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Ports got a tonic in December to cap an anemic 2009

Exports allow L.A. to post a slight gain in traffic from a year earlier while booming imports drive increased activity at Long Beach.

January 15, 2010|By Ronald D. White
  • Container traffic at the Port of Long Beach increased 8.7% overall in December, spurred by a 13.4% gain in imports.
Container traffic at the Port of Long Beach increased 8.7% overall in December,… (Luis Sinco / Los Angeles…)

The nation's two busiest cargo container ports -- Los Angeles and Long Beach -- ended a terrible year in international trade with strong December numbers that might signal the beginning of a long-awaited economic rebound.

The Port of Los Angeles, which ranks first in the U.S., handled 562,990 cargo containers last month, a tiny increase of 0.35% over the 561,033 recorded in the same month a year earlier. The increase was driven by a huge 40.2% increase in exports, which climbed to 153,836 containers from 109,704 a year earlier.

The Port of Long Beach moved 467,237 containers in December, up 8.7% from the 429,946 handled a year earlier. Imports were the driver there, registering a 13.4% gain to 232,586 containers compared with 205,031 a year earlier.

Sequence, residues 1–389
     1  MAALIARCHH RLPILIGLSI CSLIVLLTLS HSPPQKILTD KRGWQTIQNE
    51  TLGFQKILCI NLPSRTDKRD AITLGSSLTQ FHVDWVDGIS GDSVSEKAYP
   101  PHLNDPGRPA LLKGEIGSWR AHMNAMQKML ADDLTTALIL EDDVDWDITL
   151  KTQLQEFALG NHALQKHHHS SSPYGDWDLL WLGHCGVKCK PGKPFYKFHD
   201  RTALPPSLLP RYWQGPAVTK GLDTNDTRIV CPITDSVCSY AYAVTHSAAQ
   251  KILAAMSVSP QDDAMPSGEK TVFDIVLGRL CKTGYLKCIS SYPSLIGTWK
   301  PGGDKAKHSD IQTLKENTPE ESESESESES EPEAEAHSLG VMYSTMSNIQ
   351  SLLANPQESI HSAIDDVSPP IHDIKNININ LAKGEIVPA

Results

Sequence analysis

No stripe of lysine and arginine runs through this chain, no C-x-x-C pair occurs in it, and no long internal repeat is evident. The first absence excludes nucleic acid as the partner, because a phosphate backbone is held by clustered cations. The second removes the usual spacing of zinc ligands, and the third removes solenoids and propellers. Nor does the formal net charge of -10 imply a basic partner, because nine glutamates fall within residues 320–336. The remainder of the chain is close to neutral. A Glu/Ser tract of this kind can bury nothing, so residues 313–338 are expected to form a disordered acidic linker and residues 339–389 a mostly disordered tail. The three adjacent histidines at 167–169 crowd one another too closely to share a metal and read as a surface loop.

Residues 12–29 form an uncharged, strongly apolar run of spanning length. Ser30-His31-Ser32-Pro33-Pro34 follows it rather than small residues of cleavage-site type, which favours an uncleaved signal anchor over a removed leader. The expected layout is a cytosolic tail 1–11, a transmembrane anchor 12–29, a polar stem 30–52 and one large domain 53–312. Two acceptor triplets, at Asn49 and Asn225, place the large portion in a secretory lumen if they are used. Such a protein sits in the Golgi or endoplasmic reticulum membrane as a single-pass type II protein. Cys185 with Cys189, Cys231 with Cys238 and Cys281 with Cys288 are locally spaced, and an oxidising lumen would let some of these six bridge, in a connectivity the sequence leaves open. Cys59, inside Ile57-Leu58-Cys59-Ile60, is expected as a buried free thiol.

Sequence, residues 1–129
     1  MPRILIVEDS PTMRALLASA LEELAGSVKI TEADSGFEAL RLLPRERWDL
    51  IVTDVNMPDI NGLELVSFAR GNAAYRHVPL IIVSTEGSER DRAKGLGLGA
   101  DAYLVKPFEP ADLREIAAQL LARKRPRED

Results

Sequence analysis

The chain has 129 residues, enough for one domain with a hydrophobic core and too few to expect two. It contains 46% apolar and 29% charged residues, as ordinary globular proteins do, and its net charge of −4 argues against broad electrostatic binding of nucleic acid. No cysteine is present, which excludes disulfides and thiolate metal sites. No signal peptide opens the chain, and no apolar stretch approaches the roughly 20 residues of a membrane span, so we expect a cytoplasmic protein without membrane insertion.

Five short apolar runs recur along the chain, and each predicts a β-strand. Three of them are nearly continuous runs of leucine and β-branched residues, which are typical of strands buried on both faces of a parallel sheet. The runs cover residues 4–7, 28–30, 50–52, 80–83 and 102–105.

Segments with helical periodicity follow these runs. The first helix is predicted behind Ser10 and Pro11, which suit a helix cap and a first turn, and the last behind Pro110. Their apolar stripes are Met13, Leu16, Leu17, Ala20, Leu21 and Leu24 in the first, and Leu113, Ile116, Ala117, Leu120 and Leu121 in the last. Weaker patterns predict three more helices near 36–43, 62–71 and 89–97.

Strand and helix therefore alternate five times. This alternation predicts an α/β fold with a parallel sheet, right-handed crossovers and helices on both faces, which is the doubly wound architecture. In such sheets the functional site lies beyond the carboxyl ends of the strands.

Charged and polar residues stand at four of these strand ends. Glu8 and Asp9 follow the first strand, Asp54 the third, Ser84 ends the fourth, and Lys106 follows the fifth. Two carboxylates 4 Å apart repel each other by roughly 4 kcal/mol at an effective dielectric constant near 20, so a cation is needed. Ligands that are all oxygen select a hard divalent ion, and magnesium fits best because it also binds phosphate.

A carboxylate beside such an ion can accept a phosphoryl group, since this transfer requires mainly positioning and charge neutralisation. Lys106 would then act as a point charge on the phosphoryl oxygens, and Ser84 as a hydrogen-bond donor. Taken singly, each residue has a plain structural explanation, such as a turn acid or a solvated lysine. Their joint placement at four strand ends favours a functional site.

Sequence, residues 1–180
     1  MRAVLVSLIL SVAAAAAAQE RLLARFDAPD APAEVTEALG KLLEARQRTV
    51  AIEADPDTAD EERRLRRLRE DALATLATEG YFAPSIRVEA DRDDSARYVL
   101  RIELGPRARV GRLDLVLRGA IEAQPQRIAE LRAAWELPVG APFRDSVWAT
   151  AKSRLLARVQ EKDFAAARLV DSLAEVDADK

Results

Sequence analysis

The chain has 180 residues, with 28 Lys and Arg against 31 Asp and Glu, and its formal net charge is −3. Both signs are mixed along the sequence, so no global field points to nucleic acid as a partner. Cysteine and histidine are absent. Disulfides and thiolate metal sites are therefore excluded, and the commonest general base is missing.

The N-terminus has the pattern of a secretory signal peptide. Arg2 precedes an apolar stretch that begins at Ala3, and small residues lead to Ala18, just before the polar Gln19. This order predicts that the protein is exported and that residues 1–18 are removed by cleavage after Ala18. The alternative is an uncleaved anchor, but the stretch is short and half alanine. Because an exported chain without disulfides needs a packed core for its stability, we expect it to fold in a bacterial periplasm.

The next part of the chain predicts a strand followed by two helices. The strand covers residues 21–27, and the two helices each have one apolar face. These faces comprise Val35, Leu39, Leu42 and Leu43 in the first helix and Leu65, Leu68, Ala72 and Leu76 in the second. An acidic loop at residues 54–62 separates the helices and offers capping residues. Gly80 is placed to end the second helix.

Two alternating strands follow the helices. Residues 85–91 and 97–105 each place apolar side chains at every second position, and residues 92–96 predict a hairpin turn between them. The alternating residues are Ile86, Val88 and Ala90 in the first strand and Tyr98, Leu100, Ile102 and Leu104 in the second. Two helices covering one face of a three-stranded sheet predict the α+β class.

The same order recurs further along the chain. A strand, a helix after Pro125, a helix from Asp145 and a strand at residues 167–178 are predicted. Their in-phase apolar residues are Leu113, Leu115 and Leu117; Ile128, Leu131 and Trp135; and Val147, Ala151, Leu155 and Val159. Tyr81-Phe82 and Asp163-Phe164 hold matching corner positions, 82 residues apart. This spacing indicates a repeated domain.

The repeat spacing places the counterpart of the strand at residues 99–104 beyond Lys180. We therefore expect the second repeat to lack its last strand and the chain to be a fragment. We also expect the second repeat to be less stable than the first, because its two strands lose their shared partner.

The encouraging numbers came after a year in which even veteran longshore workers were finding it difficult to get more than two or three days of work a week.

Leaders from both ports chose to focus on the possibilities for a rebound in 2010.

The surge in exports "was a nice way to put a tough year behind us," said Geraldine Knatz, executive director of the Port of Los Angeles, adding, "We are cautiously optimistic about 2010."

Port of Long Beach Executive Director Richard D. Steinke called the December numbers "great news for our region and the nation," adding that he hoped it marked "the beginning of an ongoing, upward trend."

For the year, the Port of Los Angeles handled 6.75 million containers, the fewest since 2002 and a decline of 14% from the 7.85 million handled in 2008.

Long Beach ended the year with 5.1 million containers, its lowest total since 2003 and a 22% decline from the 6.5 million it handled in 2008.

ron.white@latimes.com

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